GST rate cut: AC, fridge, other white goods set to get cheaper

The GST Council is likely to cut the tax rate on electronic items such as washing machine, refrigerator and air conditioner, which are in the top 28 per cent slot, in the next round of rationalisation.

Last week, the Council overhauled the new tax regime, reducing the 28 per cent tax levied on 178 items to 18 per cent or lesser. Most important of them all, the Council decided to slash the GST rate on AC and non-AC restaurants to 5 percent from the current 18 per cent slab. The new rates have been effective since November 15.

According to The Times of India, a fresh round of rate cuts is likely as the GST Council, chaired by Finance Minister, hinted that only luxury or sin goods are going to stay in the top slot. The move will be a big relief for consumers who might have felt the pinch.

While rejecting the idea of the single tax system, Arun Jaitley said, “Rationalisation process in the transition will always continue. So, wherever there is scope for improvement and procedural simplification will always continue.”

What may become cheaper

GST Council may reduce tax on consumer durable goods such as washing machines and refrigerators and home appliances from the current 28 per cent to 18 per cent. Globally, products such as dish washers and washing machines are seen to be items that have unburdened women, leaving them with more time for themselves or other productive work. Besides, products such as dish washers are largely imported into India and lower local levies through GST may also provide an incentive to companies to manufacture them in India, instead of shipping them from South Korea and other countries. Several white goods are already in the 12 per cent and 18 per cent brackets.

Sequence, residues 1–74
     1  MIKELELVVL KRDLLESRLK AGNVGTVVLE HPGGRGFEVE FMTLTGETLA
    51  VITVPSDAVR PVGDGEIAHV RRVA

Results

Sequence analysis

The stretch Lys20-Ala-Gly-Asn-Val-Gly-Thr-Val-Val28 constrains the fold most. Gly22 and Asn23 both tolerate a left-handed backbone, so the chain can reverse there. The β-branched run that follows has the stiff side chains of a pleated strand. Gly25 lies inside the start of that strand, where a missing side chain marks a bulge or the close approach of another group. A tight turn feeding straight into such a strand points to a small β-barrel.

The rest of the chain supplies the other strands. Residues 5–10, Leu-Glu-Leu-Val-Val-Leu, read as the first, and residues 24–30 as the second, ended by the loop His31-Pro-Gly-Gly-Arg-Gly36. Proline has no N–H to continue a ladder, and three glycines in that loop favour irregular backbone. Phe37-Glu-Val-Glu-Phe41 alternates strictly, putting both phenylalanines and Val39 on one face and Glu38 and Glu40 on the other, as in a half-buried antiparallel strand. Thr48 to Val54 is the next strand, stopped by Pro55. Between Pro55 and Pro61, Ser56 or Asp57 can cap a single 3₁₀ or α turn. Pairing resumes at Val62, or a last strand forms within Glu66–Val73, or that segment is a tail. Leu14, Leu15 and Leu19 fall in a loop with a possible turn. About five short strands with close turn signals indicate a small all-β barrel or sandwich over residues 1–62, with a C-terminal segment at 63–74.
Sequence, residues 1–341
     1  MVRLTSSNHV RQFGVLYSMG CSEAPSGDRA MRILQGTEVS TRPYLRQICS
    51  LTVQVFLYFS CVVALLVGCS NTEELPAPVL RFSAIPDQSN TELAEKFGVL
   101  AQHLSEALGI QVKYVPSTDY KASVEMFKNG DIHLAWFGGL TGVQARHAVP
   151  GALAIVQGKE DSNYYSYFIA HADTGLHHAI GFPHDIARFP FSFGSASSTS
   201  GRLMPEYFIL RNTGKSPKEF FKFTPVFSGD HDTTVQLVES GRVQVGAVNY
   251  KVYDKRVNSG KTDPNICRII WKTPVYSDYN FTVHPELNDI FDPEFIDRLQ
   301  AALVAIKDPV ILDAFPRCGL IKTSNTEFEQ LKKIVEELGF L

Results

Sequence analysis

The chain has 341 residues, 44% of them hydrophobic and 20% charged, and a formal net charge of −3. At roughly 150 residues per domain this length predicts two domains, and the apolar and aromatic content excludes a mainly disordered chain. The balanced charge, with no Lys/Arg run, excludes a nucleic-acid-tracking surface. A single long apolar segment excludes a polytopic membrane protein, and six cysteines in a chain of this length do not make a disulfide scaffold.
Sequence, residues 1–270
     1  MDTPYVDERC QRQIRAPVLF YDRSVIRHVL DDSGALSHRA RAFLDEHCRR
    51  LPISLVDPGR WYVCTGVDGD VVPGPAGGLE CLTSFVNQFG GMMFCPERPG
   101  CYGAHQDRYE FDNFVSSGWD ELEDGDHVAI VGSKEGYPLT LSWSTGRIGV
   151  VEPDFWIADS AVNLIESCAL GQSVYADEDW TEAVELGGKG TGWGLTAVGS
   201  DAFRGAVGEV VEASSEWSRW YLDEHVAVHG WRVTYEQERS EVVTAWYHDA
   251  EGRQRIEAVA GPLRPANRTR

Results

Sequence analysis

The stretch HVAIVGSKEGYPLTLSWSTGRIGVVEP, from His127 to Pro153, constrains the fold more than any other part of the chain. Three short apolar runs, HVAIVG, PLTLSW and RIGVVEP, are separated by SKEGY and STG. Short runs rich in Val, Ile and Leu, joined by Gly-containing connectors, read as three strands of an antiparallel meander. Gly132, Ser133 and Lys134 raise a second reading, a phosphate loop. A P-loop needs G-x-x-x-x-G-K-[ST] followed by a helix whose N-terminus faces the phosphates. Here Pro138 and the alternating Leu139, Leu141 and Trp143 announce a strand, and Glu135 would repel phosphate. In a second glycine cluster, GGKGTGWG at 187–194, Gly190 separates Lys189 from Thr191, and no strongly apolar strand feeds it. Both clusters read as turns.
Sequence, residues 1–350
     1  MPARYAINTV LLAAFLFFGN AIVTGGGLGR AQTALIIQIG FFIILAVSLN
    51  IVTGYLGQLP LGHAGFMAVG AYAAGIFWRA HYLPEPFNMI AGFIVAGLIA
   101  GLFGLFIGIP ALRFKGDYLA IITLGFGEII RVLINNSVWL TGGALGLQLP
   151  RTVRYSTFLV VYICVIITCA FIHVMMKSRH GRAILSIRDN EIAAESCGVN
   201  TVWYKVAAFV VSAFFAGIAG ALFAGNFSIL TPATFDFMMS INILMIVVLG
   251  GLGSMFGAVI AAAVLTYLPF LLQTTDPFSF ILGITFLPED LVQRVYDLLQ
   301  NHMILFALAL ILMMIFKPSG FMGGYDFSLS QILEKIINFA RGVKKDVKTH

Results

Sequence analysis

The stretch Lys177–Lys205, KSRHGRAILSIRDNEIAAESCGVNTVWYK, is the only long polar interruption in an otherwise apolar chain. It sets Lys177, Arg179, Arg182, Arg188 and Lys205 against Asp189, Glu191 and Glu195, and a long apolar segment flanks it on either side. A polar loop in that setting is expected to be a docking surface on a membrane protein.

Changes in GST rates

Currently, the GST regime slots items under four primary tax rate slabs — a low rate of 5 per cent, standard rates of 12 per cent and 18 per cent, and high rate of 28 per cent. Other than this, gold and jewellery are taxed at a concessional GST rate of 3 per cent, while rough diamonds have a 0.25 per cent levy. The items of daily use have been kept tax-free, that is, either at zero tax rate or completely out of the ambit of tax under GST. Apart from this, an additional cess varying from item-to-item is levied on sin and luxury items — as in case of cigarettes and luxury cars.

GST was launched on July 1. The GST Council has met every month to review tax rates and make recommendations to the Centre and the states.

On Sunday, Byre Gowda, Karnataka minister, said that the Centre should lower taxes on over 100 items of mass consumption such as upma, besides bringing petro products under the new tax regime.

Gowda represents the state in the GST Council.

He said the recent overhaul in the 28 per cent tax bracket benefits the middle and upper middle class. There is a strong need for reshaping the 18 per cent and 12 per cent tax brackets to provide relief to the poor.

The Centre is now more “receptive” to the concerns raised by states and the public ahead of the assembly poll in Gujarat, he said, cautioning that the short-cuts being used to implement GST could cause permanent damage.

Gowda said: “We need to protect the common man. We cannot ignore them just because they don’t have voice to raise their concern. We have requested them to relook at taxes on mass consumption items.”


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